SQL injection vulnerabilities first appeared in the 1990s, yet massive breaches in recent years prove the problem still remains a thorn in the side of security experts.
A new report from Veracode paints a grim picture of the security built into application software.
The latest cyberattacks aimed at high-profile security firms underscore that any company, even those that do security for a living, can be compromised.
Hackers revealed Monday that they exploited an SQL injection vulnerability on the website of Barracuda Networks to steal the names and contact information of partners, end-users and Barracuda employees.
At least 380,000 web pages have been infected via SQL injection to serve rogue anti-virus programs, known as scareware, security firm Websense reported Thursday. The sites were injected with code that directs victims to a website called Liza Moon, which automatically redirects users to a notorious site serving fake anti-virus. Both domains currently are down, according to Websense. This latest round appears to be targeting iTunes URLs that are used to update podcasts. This is one of the largest mass SQL injection attacks that Websense has detected since that style of attack became popular in 2008 and 2009.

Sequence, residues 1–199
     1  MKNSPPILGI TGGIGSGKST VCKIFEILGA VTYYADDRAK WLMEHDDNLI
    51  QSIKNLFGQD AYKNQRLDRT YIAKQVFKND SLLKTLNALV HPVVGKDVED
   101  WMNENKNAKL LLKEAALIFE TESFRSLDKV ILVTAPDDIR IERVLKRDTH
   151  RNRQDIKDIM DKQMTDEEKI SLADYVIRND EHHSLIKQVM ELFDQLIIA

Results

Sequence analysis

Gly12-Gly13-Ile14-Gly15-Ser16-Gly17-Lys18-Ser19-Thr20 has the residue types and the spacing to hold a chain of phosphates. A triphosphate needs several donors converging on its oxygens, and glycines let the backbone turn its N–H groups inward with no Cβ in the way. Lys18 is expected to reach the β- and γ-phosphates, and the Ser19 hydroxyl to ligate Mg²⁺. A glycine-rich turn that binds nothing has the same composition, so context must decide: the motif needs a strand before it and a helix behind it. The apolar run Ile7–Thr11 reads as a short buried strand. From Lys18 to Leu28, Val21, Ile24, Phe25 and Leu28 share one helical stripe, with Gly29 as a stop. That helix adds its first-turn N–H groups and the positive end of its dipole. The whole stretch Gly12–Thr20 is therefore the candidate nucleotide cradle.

Hackers over the weekend compromised Oracle's MySQL.com customer website via SQL injection and posted a list of usernames and passwords online.
eHarmony has confirmed that a hacker recently gained access to a file containing user information, weeks after another popular dating site was compromised.
SC Magazine Articles
- USAA members hit with multiple phishing attacks
- Industry pros react to Cisco, Fortinet advisories after possible Snowden NSA leak
- Trust exercise: Symantec's new website security expert is reaching out to hacker community
- U.S. government extends offer to protect states from electoral cyberthreats
- Two-thirds of IT security pros surveyed expect a breach to hit their company, report
- Microsoft Office 365 hit with massive Cerber ransomware attack, report
- CEO sacked after aircraft company grounded by whaling attack
- Microsoft warns of new, self-propagating ransomware in the wild
- Wendy's POS breach 'considerably' bigger than first thought